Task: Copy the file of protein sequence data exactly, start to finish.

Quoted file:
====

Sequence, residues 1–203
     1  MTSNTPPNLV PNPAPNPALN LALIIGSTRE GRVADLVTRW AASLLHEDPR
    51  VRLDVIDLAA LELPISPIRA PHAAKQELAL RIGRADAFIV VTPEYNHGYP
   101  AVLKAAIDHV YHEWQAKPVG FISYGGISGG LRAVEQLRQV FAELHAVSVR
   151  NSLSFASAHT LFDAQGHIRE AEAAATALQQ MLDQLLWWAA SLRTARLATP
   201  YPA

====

Sequence, residues 1–203
     1  MTSNTPPNLV PNPAPNPALN LALIIGSTRE GRVADLVTRW AASLLHEDPR
    51  VRLDVIDLAA LELPISPIRA PHAAKQELAL RIGRADAFIV VTPEYNHGYP
   101  AVLKAAIDHV YHEWQAKPVG FISYGGISGG LRAVEQLRQV FAELHAVSVR
   151  NSLSFASAHT LFDAQGHIRE AEAAATALQQ MLDQLLWWAA SLRTARLATP
   201  YPA